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To BP or Not to BP? Should Art Museums Accept Polluted Sponsorship?

The BP Grand Entrance at the Los Angeles County Museum of Art

Cultural institutions in Great Britain and the U.S., which had until now
relied on BP, the British oil company, as a benevolent, generous patron, are
now faced with decisions about how to deal with the public-relations dilemmas posed by accepting support from a company that has been demonized, due to the horrific Gulf of Mexico oil spill and the company’s much criticized handling of the aftermath.

The issues now faced by previously grateful recipients of BP’s philanthropy were underscored last night by a protest demonstration against a party held at the Tate Britain for the opening of a show of work by Fiona Banner. Agence France-Presse reported that “a group of artists, calling themselves ‘The Good Crude Britannia,’ poured a black substance—thought to be molasses—from cans
emblazoned with the British oil giant’s logo outside the…museum.” The event was also billed as a celebration of 20 years of support for the Tate by BP—a dubious party theme, given the widespread outrage sparked by the Gulf Coast disaster.

So far, British art institutions are hanging tough. John Vidal and Owen Bowcott reported last Thursday in the Guardian:

The main recipients of BP’s corporate largesse—the Royal Opera House,
Tate Galleries, British Museum and the National Portrait Gallery—today issued a joint statement defending the
connection and signaling their determination to preserve the commercial

I’m going to catch some flak for this, but I think they’re right not to sever ties with BP. Cultural institutions have long been the beneficiaries of do-good aid from do-bad moguls and businesses—from the robber barons to manufacturers of cancer-causing cigarettes. Refusing their benefactions so as not to burnish their tarnished reputations is cutting off one’s nose to spite one’s face.

With the possible exception of a direct conflict between the practices of the funder and the mission of the recipient, there should be no ethical litmus test for arts support, so long as donors don’t expect paeans to their business practices along with recognition of their generosity. Some cringe-worthy exhibition press materials that I’ve seen extol at length the virtues of the supporters’ business activities, unacceptably crossing the line from grateful acknowledgement to commercial endorsement.

That said, there SHOULD be an ethical litmus test for an institution’s trustees, who must be carefully vetted for probity during the selection process, to avoid the future embarrassment of time served on the board being followed by time served in jail. That unfortunate sequence of events occurred for former Whitney Museum trustee L. Dennis Kozlowski, then chairman and chief executive of Tyco

In an interview for my 2002 Wall Street Journal profile of him, Max Anderson, then the Whitney’s director, conceded that the Kozlowski debacle was a “sock in the eye” that would “change the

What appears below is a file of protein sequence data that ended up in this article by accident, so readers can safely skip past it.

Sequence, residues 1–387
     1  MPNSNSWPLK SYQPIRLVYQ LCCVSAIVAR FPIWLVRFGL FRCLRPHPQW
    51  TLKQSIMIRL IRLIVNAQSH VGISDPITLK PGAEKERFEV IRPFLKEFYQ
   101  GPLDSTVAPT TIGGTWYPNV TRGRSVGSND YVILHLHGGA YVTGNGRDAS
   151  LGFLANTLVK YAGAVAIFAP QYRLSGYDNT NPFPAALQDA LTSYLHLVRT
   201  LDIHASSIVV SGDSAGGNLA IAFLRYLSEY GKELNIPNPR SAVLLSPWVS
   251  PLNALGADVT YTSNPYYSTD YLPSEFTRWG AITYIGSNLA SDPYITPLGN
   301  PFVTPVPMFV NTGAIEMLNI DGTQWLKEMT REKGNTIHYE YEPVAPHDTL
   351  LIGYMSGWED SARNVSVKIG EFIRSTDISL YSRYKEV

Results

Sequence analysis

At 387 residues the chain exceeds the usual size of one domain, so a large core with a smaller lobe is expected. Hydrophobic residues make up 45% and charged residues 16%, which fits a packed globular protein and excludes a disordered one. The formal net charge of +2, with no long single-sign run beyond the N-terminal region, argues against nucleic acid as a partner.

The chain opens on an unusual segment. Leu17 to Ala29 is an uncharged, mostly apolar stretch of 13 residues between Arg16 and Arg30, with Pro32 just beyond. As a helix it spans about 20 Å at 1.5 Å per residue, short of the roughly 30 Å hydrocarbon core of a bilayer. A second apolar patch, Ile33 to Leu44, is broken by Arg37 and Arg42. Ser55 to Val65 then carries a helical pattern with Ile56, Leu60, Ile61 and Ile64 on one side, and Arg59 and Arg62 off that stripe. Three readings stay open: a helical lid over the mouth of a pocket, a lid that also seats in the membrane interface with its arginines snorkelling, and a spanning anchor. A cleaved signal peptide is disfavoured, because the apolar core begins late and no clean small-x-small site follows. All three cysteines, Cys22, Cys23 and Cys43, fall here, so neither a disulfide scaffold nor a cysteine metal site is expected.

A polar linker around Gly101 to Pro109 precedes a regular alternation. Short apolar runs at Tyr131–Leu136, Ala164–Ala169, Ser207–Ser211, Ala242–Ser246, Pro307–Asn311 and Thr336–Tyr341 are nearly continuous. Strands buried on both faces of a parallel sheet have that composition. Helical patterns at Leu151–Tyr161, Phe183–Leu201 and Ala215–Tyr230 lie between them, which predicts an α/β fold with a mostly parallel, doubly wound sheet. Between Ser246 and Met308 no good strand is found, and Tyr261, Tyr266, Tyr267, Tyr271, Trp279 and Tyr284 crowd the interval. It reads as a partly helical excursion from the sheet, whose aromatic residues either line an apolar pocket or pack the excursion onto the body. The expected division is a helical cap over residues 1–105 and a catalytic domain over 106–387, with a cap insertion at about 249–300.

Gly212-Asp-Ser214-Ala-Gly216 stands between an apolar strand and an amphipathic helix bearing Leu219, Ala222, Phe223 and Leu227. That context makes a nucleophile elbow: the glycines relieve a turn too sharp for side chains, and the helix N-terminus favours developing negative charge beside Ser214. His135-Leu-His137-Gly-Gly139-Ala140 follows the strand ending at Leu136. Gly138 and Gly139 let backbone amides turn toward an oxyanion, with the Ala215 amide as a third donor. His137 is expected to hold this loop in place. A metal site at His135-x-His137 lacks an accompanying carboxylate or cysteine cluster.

nominating process. The trustees and I have to be much more methodical in
evaluating people’s intentions in joining the board, what they bring to
it and what their background is.”

Naming opportunities can be especially fraught with peril: Enron Field, the baseball stadium in Houston, was prudently renamed after the eponymous corporation’s ignominious meltdown. The Los Angeles County Museum of Art, on the other hand, has shown no inclination to rename a component of of its 2008
—the BP Grand Entrance (aptly likened in appearance to a gas station by the NY Times‘ architecture critic, Nicolai Ouroussoff).

But the recently opened BP Sea Otter Habitat at the Aquarium of the Pacific, Long Beach, CA, has a dicier problem: The oil spill’s destruction of aquatic habitat runs directly counter to its mission, making its name sound like the punchline of a bad joke. One can easily envision an editorial cartoon featuring an oil-soaked otter in the BP Habitat.

As reported by Mike Boehm and in the LA Times, the aquarium’s president, Jerry Schubel, has stated that there is no interest among his colleagues in deleting BP’s name. The situation was uncomfortable enough, however, to prompt the aquarium to append this statement to the Sea Otter Habitat’s homepage (which bears an image of BP’s corporate logo):

The nonprofit Aquarium of the Pacific is passionate about the environment, and we as an organization are focused on helping to reduce our nation’s thirst for oil. We are very concerned about the disaster in the Gulf. As we have done in past oil spills, we will be sending our experts in wildlife rescue to assist the Association of Zoos & Aquariums in its Gulf efforts and will be hosting a forum in the fall to explore our nation’s dependence on oil.

Four years ago BP funded the creation of the enhanced otter exhibit, which focuses on sea otter conservation. This funding allowed us to provide important ocean education and conservation information to our members and the public and the space and systems to house additional rescued sea otters. This exhibit will continue to educate millions of people and serve as a home to stranded otters for many years to come.

Going forward, I think it unlikely that art museums will need to confront the dilemma of whether to accept new BP sponsorship. That’s because the company’s shareholders, hit by the freefall in its stock price and the suspension of dividends, are unlikely to stand for such nonessential expenditures. If BP knows what’s best for its tattered reputation, any future philanthropy will target efforts to improve the Gulf Coast’s quality of life, which the oil spill has so grievously harmed.

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